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Downsizing While Maintaining Morale

Today we are still facing a struggling economy and seeing companies continuing to reduce their work forces. Too often this is done by cutting in general, i.e., mandating a 10 percent reduction in all departments or closing entire departments without considering other viable alternatives.

Since it may be necessary for you to downsize your company, whether in response to economic conditions or in response to structuring your company to be leaner and faster, here are some thoughts and guidelines that may prove helpful.

First, make the appropriate decisions. What is the targeted payroll cost reduction? Which personnel or departments will be eliminated or reduced? In what order and in what time frame will the downsizing begin, continue and end?

Consider how you will determine those to be released. Here are some criteria:


•Merit ratings.


•Veteran preference.

•Future needs.

•Early retirement buyouts.

Cost-saving options even after downsizing is complete could include eliminating part-time staff, reducing hours, offering short-term leaves, reassignment or transfer, leaves of absence and forced vacations.

Rationale. Develop a clear, logical statement of the situation and why downsizing is necessary. Tie this into positive aspects of organizational survival and effectiveness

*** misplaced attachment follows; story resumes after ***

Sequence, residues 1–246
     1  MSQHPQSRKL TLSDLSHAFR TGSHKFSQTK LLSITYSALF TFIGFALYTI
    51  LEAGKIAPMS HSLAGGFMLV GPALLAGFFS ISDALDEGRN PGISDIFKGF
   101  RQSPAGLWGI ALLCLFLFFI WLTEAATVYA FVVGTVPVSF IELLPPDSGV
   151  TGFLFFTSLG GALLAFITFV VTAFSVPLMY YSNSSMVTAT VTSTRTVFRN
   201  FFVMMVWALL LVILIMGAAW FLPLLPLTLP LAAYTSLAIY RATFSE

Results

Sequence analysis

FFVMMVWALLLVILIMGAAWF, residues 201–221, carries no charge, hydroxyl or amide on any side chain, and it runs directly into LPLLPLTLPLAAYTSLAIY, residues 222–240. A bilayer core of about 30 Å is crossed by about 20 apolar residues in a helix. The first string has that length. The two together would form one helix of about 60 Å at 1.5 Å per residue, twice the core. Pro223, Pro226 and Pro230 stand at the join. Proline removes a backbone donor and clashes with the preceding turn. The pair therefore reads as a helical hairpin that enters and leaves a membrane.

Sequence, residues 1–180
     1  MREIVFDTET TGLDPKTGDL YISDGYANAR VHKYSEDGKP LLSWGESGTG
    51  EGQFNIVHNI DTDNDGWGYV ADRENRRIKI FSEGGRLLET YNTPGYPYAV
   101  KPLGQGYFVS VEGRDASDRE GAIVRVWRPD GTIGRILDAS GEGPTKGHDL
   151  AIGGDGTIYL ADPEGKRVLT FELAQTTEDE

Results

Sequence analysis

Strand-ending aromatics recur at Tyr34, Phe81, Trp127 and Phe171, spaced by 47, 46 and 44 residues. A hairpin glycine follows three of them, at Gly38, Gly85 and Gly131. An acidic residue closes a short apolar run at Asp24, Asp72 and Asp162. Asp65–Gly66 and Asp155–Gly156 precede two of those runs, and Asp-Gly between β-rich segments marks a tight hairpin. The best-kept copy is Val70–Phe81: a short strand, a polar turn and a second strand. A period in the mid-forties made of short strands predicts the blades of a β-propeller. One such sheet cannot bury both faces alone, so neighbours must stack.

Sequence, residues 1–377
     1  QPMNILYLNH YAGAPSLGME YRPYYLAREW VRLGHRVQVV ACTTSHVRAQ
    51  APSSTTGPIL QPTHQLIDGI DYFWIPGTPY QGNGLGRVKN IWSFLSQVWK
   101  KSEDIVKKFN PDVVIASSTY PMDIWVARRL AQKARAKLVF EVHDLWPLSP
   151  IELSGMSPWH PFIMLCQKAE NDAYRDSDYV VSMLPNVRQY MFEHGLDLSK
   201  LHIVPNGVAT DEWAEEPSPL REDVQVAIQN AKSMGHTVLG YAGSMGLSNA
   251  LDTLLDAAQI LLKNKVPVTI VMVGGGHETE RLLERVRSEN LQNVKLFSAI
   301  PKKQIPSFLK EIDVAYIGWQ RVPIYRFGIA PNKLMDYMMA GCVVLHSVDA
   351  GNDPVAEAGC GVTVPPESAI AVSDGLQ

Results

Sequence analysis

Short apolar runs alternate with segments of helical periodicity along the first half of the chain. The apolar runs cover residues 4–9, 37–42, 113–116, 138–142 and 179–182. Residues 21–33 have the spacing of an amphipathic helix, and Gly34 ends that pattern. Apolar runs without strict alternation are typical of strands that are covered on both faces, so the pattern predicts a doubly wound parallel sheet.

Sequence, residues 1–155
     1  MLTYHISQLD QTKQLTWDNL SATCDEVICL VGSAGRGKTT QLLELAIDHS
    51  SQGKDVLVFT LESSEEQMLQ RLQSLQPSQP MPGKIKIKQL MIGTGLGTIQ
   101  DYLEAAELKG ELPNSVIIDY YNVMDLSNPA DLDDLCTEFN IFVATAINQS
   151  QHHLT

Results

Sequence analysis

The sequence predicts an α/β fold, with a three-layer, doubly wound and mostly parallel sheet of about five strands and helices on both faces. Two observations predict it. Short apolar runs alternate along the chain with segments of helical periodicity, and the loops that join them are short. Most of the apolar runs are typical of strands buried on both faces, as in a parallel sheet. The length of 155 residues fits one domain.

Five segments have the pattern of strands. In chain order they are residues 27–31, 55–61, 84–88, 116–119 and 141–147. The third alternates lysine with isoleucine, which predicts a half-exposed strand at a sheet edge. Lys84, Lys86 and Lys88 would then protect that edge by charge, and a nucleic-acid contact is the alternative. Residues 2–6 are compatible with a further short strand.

Inform everyone about the following:
•What is going to occur and why.

•The timetable: When it will start, and when it will end.

•How it will happen.

•Options offered and available to affected employees to include possible re-hire in the future.

•Benefits to the organization, such as effectiveness, survival to reach the future.

Implement. Follow the timetable as published, then provide follow-up, contact and feedback. Think it out thoroughly and go through the process once—and only once. Let the remaining staff know when the downsizing process is over, and reassure those remaining employees when the downsizing is over.

Provide support. Your company can provide out-training and outplacement services, and help employees learn how to locate other positions. Keep the remaining employees at full employment if at all possible. Note: Doing these things can contribute to better labor relations and strengthen your company’s public image.

Openness. Management must develop the capacity to encourage, and be receptive and open to, input from employees. Information must be shared openly throughout the organization.

Congruity. Employees must have confidence in the information received. All levels of management must deliver the same message. Be consistent.

Delegation. Management must trust their subordinates to use their judgment in implementing their responsibilities in the downsizing.

Feedback and finality. Management must be willing to make decisions with input from subordinates, and yet must stand by decisions once they are made.

Shared values. There must be a common understanding of the organization’s vision, mission and goals and the need for the organization to survive so that the majority of employees survive as well.

Failure to properly approach and deal with downsizing can result in the following:

•Suspicion of management’s motives and actions.

•Skepticism of management’s plans and programs.

•Increased territoriality on the part of employees, departments or units.

•Institutionalized resistance to any change, even if it is beneficial.

•Development of “we/they,” “us/them” attitudes.

L. Douglas Mault is president of Executive Advisory Institute, Portland, Ore. The website is; he can be reached at (888) 428.3331.

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